Overview[ edit ] Critical theory German: Critical Theory is a social theory oriented toward critiquing and changing society as a whole, in contrast to traditional theory oriented only to understanding or explaining it. Horkheimer wanted to distinguish critical theory as a radical, emancipatory form of Marxian theory, critiquing both the model of science put forward by logical positivism and what he and his colleagues saw as the covert positivism and authoritarianism of orthodox Marxism and Communism. He described a theory as critical insofar as it seeks "to liberate human beings from the circumstances that enslave them".
Equally, the subsequent history of Marxist aesthetics has hardly comprised the cumulative unfolding of a coherent perspective. Rather, it has emerged, aptly, as a series of responses to concrete political exigencies.
While these responses have sometimes collided at various theoretical planes, they achieve a dynamic and expansive coherence rather than the static coherence of a closed, finished system through both a general overlap of political motivation and the persistent reworking of a core of predispositions about literature and art deriving from Marx and Engels themselves.
The aesthetic corollary of this is that literature can only be understood in the fullness of its relations with ideology, class, and economic substructure. Language itself, as Marx said in The German Ideology: Part One, must be understood not as a self-sufficient system but as social practice GI, 51, If, as Marx said, human beings produce themselves through labor, artistic production can be viewed as a branch of production in general.
This has sometimes gone hand in hand with prescriptions for literature as an ideological ancillary to the aims and results of political revolution.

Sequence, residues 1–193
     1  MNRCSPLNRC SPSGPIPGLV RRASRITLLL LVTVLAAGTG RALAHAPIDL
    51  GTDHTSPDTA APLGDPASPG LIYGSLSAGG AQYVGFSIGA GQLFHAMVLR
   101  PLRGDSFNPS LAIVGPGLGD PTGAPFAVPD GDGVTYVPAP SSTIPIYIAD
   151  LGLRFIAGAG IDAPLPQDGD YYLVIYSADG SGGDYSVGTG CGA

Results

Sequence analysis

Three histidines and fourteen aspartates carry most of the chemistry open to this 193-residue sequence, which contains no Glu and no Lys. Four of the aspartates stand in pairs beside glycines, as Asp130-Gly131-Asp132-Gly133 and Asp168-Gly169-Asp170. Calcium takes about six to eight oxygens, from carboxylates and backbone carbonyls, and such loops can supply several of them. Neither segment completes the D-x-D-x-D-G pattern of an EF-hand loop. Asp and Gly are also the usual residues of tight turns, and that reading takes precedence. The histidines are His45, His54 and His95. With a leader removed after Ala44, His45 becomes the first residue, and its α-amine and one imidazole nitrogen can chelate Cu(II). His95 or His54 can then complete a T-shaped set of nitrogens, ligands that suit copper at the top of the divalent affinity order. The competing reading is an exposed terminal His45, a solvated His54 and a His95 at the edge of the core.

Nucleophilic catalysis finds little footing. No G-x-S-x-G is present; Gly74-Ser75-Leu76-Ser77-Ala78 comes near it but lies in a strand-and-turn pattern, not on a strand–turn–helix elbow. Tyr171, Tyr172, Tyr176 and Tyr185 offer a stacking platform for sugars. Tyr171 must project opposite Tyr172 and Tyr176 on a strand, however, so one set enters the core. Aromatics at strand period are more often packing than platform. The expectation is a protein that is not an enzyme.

His workstranslated into all the major European languages, exerted enormous influence and made a particularly striking impression on Georgi Plekhanovwho introduced his work to Russia, as well as on Lenin and Trotsky.
Another star in the firmament of early Marxist theory was the Prussian-born Franz Mehring — A one-time follower of Ferdinand Lassalle, Mehring became an outstanding Marxist historian and aesthetician who, along with Rosa Luxemburg and others, founded the German Communist Party in His writings included the first authoritative biography of Marx, Karl Marx: The Story of His Lifeand The Lessing-Legend —which both applied Marxist categories to the analysis of major German literary figures and brought these within the reach of working-class readers.
Mehring attempted to situate Criticism of agency theory aesthetics, and Marxist thought in general, in necessary relation to the German classical philosophy and aesthetics which had preceded it. This elicited censure from such figures as Paul Reimann and F.
There is much in Mehring which might justify such a response. One of the central questions he confronts is: German Marxist theory found a further advocate in Karl Kautsky —whose preeminence endured till around He developed the thesis that the major monotheistic religions arose in nations bound by a nomadic way of life; they had not developed the industry or art necessary to construct the localized human images of deities which facilitated polytheism.
Ironically, these more backward cultures could make a leap beyond polytheism to a higher form of religion whose progress was retarded in more advanced societies. His writings include Socialism and the Political Struggle and Fundamental Problems of Marxismas well as his highly influential Art and Social Life and some shorter pieces such as The Role of the Individual in History In the last of these he argues that the role of gifted individuals, such as Napoleon, in history has been exaggerated.
Hence particular trends in art or literature do not depend exclusively on certain individuals for their expression; if the trend is sufficiently profound, it will compensate the premature death of one individual by giving rise to other talents who might embody it.